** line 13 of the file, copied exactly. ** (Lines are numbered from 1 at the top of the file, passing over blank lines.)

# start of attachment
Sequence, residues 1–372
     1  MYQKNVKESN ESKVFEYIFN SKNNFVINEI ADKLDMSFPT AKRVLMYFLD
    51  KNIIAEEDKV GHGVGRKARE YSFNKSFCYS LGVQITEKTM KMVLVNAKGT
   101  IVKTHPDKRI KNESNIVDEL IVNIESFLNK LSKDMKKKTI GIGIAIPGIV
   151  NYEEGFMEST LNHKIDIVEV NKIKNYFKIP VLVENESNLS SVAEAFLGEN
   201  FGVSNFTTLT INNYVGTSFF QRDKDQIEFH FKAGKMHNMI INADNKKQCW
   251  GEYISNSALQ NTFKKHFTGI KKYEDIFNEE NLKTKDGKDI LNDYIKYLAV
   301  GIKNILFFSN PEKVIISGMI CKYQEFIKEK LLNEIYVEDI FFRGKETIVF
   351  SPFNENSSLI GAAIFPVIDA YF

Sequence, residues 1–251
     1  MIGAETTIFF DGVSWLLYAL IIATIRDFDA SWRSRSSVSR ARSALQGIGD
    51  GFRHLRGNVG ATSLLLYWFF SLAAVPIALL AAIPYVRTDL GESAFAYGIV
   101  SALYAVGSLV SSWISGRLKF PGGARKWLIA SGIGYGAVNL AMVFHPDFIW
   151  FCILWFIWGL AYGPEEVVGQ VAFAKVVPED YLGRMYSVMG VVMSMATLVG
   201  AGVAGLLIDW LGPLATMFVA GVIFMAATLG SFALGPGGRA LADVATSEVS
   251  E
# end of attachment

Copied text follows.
   101  SALYAVGSLV SSWISGRLKF PGGARKWLIA SGIGYGAVNL AMVFHPDFIW